This type of loan is named a revolver because once the outstanding amount is paid off, the borrower can use it over and over again. It’s a revolving cycle of withdrawing, spending, and repaying any number of times until the arrangement expires – the term of the revolver ends.
A revolving credit facility is different from an installment loan, where there are monthly fixed payments over a set period. Once an installment loan is fully paid, you can’t use it again like the revolver. The borrower must apply for a new installment loan.
Revolver in a Financial Model
A revolving credit facility is an important part of financial modeling because it underscores changes in a company’s debt based on operating assumptions. For example, if it’s projected that revenues will drastically fall in the coming years, a company will look for additional sources of financing to fund R&D or capital expenditures as ways to grow the business. It may issue more debt to make such necessary expenses.
As mentioned before, the company can perform a revolver drawdown if it has insufficient cash on hand to service debt. Thus, a change in the revolver is triggered by a change in a company’s debt level. Furthermore, a revolver helps with keeping a financial model balanced because it calculates any excess cash generated or cash shortfall for a given year.
An Example of a Revolving Credit Facility
In the hospitality industry, which is considered seasonal, a ski resort may experience a shortage in operating income during the summer months; therefore, it may not be able to cover its payroll. Additionally, if it’s making most of its sales on credit, then the company will be waiting to cash its receivables before making inventory expenses.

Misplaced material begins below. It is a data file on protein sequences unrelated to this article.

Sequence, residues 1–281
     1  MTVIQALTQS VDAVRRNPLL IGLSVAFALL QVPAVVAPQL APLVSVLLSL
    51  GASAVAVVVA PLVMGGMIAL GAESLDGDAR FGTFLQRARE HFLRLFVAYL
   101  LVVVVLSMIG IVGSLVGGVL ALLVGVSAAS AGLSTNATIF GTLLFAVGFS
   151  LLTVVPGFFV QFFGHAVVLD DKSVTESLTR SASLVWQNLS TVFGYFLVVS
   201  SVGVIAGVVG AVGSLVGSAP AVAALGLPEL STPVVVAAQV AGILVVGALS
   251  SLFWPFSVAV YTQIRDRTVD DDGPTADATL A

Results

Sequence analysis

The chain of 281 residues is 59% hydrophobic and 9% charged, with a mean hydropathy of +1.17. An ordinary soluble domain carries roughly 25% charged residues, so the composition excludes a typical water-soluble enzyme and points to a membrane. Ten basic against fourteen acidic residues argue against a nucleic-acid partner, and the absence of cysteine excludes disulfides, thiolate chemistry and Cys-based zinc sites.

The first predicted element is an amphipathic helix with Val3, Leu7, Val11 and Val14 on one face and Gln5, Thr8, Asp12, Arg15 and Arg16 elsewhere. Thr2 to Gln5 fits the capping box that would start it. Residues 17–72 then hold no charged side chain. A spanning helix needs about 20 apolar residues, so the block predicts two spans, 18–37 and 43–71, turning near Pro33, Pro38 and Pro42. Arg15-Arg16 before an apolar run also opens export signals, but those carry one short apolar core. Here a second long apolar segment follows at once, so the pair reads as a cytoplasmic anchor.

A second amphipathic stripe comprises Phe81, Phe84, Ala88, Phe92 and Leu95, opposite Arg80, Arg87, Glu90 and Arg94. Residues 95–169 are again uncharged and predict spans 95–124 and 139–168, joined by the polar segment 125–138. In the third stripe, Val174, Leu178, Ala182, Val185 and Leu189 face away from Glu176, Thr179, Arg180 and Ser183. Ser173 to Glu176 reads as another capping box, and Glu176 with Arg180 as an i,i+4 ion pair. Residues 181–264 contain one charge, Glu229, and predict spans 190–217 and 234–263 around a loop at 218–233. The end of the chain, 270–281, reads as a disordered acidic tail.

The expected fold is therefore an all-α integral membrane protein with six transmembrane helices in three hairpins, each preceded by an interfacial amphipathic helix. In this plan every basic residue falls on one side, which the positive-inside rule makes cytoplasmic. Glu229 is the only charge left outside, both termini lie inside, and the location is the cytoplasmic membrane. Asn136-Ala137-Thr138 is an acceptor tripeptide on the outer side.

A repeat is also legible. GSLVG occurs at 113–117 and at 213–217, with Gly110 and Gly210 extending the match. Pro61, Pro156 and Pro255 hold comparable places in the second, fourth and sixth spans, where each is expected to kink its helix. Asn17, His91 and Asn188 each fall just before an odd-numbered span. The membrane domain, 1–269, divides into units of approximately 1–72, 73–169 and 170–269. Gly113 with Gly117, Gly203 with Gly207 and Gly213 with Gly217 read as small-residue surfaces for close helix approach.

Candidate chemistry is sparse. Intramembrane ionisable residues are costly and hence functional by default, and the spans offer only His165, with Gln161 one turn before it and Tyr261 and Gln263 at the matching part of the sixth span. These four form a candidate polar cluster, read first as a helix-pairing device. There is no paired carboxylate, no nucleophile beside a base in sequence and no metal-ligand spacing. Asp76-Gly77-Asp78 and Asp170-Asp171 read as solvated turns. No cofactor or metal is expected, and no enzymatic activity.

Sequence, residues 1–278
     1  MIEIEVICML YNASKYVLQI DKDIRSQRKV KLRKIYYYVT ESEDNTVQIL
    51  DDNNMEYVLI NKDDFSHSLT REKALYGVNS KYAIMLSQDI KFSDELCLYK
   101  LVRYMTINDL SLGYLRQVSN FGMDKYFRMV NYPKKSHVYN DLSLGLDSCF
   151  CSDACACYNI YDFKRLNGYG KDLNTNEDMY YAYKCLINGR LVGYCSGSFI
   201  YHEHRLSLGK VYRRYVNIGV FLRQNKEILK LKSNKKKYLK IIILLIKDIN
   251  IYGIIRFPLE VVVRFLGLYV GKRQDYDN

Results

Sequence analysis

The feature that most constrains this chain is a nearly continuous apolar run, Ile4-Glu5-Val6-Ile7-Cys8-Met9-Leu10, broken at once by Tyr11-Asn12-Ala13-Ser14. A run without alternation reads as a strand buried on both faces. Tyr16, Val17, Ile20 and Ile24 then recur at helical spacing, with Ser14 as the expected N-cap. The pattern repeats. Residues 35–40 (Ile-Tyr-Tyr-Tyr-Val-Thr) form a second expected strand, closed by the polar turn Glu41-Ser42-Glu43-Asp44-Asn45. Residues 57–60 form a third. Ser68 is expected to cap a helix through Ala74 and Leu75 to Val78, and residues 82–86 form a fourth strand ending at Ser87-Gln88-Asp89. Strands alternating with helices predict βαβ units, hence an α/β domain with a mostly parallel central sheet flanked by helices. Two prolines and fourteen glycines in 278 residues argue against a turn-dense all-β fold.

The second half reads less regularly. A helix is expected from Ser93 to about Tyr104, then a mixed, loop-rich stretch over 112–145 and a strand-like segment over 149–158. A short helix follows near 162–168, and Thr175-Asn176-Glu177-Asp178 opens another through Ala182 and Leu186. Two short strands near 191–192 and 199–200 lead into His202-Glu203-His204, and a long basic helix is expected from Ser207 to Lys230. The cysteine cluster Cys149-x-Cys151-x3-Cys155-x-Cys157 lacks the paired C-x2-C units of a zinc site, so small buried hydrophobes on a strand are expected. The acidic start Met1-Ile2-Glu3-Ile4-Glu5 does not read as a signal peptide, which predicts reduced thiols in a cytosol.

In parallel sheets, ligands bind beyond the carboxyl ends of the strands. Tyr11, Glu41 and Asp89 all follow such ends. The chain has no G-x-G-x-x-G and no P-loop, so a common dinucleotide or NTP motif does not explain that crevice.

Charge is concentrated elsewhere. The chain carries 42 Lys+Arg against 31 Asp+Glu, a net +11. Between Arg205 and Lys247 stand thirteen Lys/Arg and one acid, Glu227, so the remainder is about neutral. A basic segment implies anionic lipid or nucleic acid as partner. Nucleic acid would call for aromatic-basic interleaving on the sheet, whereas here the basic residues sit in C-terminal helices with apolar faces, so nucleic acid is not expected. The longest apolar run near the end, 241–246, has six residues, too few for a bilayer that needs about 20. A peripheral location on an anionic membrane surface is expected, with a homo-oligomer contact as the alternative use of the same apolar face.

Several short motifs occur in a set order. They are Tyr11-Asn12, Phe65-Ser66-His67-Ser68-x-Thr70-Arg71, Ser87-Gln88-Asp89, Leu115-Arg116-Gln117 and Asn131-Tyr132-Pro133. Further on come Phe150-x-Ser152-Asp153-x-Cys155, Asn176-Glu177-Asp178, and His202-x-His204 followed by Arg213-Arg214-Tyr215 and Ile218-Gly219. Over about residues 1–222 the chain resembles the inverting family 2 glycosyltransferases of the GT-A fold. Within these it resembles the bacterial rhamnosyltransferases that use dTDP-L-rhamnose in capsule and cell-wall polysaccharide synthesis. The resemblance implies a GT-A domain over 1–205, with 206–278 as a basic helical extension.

Having a revolver will allow the company to be able to access funds at any time when it requires money for its day-to-day operations.
Calculation of Sweep (see figure below)
To calculate the cash available for sweeping, we take the beginning cash balance that is found on last year’s balance sheet under assets and subtract from it the estimated minimum cash balance required to keep a company running. Further diligence is performed if we need an accurate minimum cash balance.
The difference is then added to the cash flow from operating activities, investing activities, and financing activities in the period. We now have cash that is available for debt service. After that, we take the sum of all the scheduled debt repayments and subtract it from the cash available for debt service.
If the difference turns out to be positive, then we have enough cash to make the scheduled debt repayments and can even pay down a portion or all of the revolver’s outstanding balance. The company can even make early full repayments of other debt balances.
However, if the difference is negative, then there wouldn’t be enough cash to make debt repayments; therefore, the company will have to draw from the revolver to cover the shortage of cash.